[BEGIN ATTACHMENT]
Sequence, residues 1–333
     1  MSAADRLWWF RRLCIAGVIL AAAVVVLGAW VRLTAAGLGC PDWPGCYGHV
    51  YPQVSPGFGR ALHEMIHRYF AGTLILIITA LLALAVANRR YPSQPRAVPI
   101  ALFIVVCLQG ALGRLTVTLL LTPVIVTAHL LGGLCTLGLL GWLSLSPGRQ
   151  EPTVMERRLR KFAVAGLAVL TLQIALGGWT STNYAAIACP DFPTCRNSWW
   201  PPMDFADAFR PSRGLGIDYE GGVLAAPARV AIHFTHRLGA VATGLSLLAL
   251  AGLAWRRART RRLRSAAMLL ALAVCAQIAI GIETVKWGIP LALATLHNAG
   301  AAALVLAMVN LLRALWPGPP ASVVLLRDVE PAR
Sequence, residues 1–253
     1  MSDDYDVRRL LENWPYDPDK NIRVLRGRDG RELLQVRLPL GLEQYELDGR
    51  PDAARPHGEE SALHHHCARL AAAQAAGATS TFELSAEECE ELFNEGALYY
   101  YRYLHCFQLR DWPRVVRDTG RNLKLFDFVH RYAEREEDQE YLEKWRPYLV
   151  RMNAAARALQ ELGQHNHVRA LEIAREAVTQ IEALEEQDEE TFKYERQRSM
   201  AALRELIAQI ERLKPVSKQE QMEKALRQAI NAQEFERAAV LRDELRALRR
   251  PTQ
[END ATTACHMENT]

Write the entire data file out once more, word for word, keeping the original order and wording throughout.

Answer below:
Sequence, residues 1–333
     1  MSAADRLWWF RRLCIAGVIL AAAVVVLGAW VRLTAAGLGC PDWPGCYGHV
    51  YPQVSPGFGR ALHEMIHRYF AGTLILIITA LLALAVANRR YPSQPRAVPI
   101  ALFIVVCLQG ALGRLTVTLL LTPVIVTAHL LGGLCTLGLL GWLSLSPGRQ
   151  EPTVMERRLR KFAVAGLAVL TLQIALGGWT STNYAAIACP DFPTCRNSWW
   201  PPMDFADAFR PSRGLGIDYE GGVLAAPARV AIHFTHRLGA VATGLSLLAL
   251  AGLAWRRART RRLRSAAMLL ALAVCAQIAI GIETVKWGIP LALATLHNAG
   301  AAALVLAMVN LLRALWPGPP ASVVLLRDVE PAR
Sequence, residues 1–253
     1  MSDDYDVRRL LENWPYDPDK NIRVLRGRDG RELLQVRLPL GLEQYELDGR
    51  PDAARPHGEE SALHHHCARL AAAQAAGATS TFELSAEECE ELFNEGALYY
   101  YRYLHCFQLR DWPRVVRDTG RNLKLFDFVH RYAEREEDQE YLEKWRPYLV
   151  RMNAAARALQ ELGQHNHVRA LEIAREAVTQ IEALEEQDEE TFKYERQRSM
   201  AALRELIAQI ERLKPVSKQE QMEKALRQAI NAQEFERAAV LRDELRALRR
   251  PTQ